from Wiktionary, Creative Commons Attribution/Share-Alike License
- n. Common misspelling of lectern.
from the GNU version of the Collaborative International Dictionary of English
- n. Same as lectern.
from The Century Dictionary and Cyclopedia
- n. An obsolete form of lectern.
Sorry, no etymologies found.
John Rapisardi , a Cadwalader lawyer representing Mr. Icahn, headed to the lecturn, where he stated Mr. Icahn's objection to Blockbuster's rejection of the bid.
"I'm going to explain the whole world of art in an hour," he joked, walking away from the auditorium's lecturn.
Senior White House adviser David Axelrod went on 'Late Show with David Letterman' Wednesday and explained why President Obama's seal fell off a lecturn earlier this week ( "witchcraft") and who he expects to run for president in 2012 (Mitt Romney, Mike Huckabee).
They have one chained book there still from the times when readers had to use a lecturn for the huge volumes chained to the shelves.
Also, the etiquette in some houses of worship makes it inappropriate for the secular or non-ordained to speak from the lecturn so they may address the gathering from elsewhere.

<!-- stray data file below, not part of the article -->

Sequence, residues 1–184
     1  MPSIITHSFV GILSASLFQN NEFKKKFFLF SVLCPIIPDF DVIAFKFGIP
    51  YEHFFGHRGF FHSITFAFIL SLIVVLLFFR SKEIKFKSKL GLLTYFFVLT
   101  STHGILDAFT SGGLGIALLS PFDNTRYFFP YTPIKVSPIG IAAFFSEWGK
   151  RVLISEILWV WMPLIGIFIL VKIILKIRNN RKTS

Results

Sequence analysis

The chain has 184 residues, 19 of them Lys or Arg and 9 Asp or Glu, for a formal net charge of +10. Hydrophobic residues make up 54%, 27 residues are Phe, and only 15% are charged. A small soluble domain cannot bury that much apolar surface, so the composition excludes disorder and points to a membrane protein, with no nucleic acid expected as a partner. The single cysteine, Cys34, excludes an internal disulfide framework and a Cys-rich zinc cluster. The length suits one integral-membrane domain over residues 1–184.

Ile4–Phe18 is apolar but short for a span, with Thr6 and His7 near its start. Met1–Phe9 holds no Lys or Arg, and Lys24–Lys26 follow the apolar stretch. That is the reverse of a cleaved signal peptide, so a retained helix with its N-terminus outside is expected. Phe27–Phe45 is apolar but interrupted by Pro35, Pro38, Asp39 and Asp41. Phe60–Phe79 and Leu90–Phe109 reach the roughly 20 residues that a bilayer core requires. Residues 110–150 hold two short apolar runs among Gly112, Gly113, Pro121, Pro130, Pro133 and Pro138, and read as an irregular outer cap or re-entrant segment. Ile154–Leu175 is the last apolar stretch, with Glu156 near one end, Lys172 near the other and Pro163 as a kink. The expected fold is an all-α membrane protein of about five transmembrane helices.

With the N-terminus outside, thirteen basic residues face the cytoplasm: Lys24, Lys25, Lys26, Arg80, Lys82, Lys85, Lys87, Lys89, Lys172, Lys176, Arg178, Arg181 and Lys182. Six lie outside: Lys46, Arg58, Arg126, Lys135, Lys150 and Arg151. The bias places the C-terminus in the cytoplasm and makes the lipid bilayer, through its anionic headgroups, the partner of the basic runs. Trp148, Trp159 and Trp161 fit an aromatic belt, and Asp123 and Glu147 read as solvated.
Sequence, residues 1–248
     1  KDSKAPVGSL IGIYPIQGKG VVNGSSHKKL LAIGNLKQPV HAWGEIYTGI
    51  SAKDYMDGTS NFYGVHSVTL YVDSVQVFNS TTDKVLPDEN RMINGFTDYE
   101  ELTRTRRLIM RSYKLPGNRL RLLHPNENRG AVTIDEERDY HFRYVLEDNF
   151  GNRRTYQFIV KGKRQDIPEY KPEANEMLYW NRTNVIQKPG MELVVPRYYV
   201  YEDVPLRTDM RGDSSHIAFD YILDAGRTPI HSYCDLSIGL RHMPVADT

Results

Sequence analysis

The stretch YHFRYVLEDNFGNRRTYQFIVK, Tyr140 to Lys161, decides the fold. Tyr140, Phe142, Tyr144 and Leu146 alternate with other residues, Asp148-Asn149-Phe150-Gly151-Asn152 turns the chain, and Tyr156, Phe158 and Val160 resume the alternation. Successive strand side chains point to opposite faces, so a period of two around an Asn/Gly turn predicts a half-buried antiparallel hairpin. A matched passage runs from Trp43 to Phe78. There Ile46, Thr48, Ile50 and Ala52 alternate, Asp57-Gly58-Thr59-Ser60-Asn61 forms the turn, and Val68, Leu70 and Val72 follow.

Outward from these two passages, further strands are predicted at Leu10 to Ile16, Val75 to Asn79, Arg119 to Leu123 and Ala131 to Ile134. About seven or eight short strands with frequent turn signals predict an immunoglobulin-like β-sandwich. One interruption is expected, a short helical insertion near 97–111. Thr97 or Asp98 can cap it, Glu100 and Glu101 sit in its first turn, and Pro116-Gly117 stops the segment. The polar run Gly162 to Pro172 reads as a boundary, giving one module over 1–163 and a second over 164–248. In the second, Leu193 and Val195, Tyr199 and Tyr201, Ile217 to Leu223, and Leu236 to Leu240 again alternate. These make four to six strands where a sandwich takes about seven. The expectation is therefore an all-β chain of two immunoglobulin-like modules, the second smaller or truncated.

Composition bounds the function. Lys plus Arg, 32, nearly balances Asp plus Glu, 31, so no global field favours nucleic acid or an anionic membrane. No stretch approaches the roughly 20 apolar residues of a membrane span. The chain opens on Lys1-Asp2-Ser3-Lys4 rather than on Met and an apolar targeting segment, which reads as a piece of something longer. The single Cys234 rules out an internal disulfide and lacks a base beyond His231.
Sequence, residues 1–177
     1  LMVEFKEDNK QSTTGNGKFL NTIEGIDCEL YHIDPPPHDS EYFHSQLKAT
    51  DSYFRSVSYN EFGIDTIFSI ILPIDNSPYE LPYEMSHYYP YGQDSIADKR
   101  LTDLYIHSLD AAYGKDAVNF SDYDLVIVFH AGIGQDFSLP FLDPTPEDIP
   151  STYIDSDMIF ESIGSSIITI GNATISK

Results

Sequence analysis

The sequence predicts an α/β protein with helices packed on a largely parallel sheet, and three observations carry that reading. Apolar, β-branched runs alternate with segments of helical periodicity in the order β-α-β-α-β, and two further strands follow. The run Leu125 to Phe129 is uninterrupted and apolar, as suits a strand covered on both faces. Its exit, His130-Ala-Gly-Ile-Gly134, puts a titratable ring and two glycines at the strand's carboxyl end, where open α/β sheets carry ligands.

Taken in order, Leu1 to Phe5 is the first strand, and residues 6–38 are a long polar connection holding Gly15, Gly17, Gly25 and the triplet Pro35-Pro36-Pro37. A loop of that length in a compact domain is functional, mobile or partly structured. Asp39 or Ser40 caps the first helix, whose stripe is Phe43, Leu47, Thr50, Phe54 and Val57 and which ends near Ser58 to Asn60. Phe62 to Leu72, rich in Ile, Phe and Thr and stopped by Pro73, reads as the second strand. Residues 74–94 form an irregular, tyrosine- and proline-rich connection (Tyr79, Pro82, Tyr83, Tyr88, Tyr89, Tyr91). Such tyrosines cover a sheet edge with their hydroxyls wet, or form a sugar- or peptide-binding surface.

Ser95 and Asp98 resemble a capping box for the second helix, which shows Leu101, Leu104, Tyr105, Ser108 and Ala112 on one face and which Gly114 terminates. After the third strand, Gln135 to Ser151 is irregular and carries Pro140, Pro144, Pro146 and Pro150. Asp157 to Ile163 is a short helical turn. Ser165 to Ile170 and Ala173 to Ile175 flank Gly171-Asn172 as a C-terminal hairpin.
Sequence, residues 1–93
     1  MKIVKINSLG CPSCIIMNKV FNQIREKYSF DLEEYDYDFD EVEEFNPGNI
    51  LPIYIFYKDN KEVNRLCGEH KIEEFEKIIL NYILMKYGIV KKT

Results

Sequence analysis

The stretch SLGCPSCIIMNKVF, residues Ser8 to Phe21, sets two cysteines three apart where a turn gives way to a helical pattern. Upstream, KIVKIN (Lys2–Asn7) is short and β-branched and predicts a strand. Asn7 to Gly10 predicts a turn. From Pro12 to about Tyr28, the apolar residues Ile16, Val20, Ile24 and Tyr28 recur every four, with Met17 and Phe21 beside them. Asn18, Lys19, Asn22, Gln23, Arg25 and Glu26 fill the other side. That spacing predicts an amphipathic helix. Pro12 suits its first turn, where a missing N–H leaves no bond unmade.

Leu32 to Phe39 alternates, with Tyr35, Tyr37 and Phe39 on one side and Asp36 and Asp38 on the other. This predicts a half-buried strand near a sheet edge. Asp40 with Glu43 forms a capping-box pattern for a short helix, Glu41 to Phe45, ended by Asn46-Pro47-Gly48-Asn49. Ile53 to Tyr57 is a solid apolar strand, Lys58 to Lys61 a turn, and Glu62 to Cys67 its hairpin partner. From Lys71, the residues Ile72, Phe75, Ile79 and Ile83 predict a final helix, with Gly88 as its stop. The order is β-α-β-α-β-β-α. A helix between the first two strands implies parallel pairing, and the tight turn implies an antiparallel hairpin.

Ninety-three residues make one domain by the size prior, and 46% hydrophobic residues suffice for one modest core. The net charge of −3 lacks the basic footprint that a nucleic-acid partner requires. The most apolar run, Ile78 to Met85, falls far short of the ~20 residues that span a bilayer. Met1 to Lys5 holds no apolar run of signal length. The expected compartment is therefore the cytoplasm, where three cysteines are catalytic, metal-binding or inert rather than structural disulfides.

"Yes," he said, standing at a lecturn in his beige prison jumpsuit.
All I can say is you better get some magic pill to correct that eye tick you get when you are about 3 seconds from the lecturn rage that we all can see coming.
Her holding on to the lecturn sreaming that she has more vote, people like me in redneck states, then the secret service tases her and drags her off.
I vacate the lecturn to make make for my learned research Prof.
Once the guests had arrived and were seated in the confines of the oak-panelled meeting room, the host for the evening rose to the lecturn, introduced himself, and began to speak.
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